It's widely known that obesity translates to a higher risk of heart disease, diabetes, cancer, hospitalization, and early death. So why don't more doctors discuss it with their patients?
The Mayo Clinic recently conducted a study to evaluate whether primary care physicians diagnose their obese patients (body mass index greater than or equal to 30) with obesity and, if so, subsequently formulate a weight-management plan with them.
Researchers found that the charts of only 1 in 5 obese patients listed them as obese. As for formulating a weight-management plan: If it isn't in the chart, it's probably not discussed between doctor and patient.
Those in the study who were diagnosed as obese were more than twice as likely to develop a weight-management plan with their doctor.
The study seems to show that it is easier to discuss a diagnosis of obesity once the patient develops symptoms of an associated illness.
So why should a doctor discuss obesity with at-risk patients? The liability for preventive medicine is remote, but it may occur if the patient is later diagnosed with a disease for which obesity is a risk factor, or if the patient resorts to the high-risk option of bariatric medicine.
And damages can be great if the patient dies young with dependents and/or incurs many hospital bills.
The analogy for liability in failure to diagnose would be a patient who gets lung cancer and sues the doctor for failure to warn about smoking.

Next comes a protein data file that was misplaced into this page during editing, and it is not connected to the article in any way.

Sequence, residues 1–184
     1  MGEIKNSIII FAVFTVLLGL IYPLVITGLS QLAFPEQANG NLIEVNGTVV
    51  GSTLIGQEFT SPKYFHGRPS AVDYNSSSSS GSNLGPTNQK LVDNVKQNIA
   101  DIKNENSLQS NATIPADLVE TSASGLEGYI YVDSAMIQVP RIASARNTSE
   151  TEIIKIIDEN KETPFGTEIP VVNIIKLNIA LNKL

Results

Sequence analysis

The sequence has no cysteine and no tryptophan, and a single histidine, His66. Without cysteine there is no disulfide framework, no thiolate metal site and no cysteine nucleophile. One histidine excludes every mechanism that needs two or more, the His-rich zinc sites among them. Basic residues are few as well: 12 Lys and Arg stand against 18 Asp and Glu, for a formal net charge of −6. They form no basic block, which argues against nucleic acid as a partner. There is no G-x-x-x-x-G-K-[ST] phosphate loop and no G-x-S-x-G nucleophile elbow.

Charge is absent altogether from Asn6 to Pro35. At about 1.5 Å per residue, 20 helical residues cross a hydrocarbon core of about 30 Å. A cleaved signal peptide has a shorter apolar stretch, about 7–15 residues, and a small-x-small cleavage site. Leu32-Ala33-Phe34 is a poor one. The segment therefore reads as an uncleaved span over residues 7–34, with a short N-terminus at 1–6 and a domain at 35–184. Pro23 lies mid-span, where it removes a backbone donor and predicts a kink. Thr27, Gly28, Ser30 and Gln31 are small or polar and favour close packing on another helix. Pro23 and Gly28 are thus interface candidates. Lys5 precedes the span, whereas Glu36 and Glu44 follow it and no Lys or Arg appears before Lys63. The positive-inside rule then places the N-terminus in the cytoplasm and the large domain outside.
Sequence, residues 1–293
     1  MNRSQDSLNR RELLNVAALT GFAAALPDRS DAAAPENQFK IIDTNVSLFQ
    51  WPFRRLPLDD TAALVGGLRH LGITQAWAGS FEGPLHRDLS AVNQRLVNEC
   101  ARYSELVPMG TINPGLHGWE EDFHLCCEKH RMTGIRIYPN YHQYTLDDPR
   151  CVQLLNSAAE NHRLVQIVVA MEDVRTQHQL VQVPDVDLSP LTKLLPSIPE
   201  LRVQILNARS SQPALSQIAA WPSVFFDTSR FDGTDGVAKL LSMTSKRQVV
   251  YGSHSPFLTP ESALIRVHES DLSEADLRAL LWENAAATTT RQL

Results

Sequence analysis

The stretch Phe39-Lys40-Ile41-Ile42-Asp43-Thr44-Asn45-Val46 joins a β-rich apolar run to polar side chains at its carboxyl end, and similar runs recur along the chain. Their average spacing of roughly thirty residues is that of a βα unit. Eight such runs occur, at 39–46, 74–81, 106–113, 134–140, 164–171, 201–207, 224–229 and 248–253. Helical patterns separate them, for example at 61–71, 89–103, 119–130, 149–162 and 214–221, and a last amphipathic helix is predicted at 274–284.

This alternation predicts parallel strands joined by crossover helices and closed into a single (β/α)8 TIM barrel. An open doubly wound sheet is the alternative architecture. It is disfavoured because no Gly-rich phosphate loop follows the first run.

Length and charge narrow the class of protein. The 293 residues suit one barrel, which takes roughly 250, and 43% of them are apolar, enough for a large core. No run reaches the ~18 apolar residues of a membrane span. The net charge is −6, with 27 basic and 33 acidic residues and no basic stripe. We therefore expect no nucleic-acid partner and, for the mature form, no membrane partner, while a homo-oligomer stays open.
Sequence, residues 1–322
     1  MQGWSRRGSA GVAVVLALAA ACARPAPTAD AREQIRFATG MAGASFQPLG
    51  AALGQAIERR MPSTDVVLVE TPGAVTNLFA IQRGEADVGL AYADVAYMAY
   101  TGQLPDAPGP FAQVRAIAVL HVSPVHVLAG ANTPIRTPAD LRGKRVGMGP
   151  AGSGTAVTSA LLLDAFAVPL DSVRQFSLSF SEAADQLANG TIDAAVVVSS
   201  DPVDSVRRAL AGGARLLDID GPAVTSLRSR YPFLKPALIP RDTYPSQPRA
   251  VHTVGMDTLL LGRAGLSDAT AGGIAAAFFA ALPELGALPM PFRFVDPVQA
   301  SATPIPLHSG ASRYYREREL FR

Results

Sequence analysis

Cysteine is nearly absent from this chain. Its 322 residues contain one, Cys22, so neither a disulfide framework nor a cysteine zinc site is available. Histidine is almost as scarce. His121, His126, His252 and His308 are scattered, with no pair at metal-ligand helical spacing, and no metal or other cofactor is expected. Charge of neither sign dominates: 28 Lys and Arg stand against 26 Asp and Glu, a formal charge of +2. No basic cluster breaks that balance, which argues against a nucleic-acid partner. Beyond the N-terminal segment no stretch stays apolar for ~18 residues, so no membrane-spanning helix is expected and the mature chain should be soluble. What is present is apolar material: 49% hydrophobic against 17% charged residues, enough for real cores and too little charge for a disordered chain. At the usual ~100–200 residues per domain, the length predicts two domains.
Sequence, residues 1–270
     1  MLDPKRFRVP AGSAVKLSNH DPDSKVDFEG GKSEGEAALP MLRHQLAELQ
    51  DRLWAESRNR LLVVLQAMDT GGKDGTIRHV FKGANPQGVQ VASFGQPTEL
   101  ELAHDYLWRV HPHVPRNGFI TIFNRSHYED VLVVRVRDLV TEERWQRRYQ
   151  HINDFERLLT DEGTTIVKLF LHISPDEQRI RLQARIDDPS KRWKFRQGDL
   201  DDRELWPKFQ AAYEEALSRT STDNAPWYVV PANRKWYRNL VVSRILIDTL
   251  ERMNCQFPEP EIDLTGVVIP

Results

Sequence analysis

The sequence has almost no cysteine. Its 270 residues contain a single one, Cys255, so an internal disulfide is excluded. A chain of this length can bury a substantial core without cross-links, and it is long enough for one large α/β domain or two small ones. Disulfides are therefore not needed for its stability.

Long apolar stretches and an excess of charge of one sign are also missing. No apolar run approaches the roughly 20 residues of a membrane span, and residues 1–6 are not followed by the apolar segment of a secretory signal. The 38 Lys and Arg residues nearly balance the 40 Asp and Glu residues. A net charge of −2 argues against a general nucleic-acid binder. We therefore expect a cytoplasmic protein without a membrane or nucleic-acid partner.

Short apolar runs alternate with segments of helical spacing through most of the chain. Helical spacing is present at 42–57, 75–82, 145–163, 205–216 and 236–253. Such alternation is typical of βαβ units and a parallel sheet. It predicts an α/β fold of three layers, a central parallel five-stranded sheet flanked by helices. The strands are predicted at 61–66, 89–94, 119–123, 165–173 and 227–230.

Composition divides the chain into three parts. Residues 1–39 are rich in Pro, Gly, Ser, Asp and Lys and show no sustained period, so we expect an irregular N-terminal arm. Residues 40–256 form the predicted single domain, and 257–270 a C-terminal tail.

If an obese patient suffers a heart attack, questions may arise about whether treatment could have prevented the incident. Proximate cause between a failure to diagnose and any later illnesses would be tangential.
However, a note in the chart that obesity and a weight-management plan were discussed with the patient would put the doctor in a very defensible position.
Certainly, doctors should discuss a weight-management plan with their patients when the situation is so severe that they are considering bariatric surgery. The high rate of recidivism and the high mortality rate of patients with extreme risk factors make bariatric surgery a high liability area. Referring doctors may be included in any lawsuit, with potential questions of informed consent, preventive diagnosis, and negligent referral.
In an ideal world, patients would step forward and ask their doctors about weight management, thus taking the burden off of the doctor. One way doctors could encourage patients to talk about weight is by listing potential preventive medicine issues on the intake history.
It may also become cost efficient if the doctor has material on the topic ready to disseminate to interested patients and if he can bill for the incidental diagnosis. All conversations must be documented, including a record of all materials provided.
The author is a health-care attorney in Mt. Kisco, New York, specializing in risk-management issues. She can be reached at firstname.lastname@example.org
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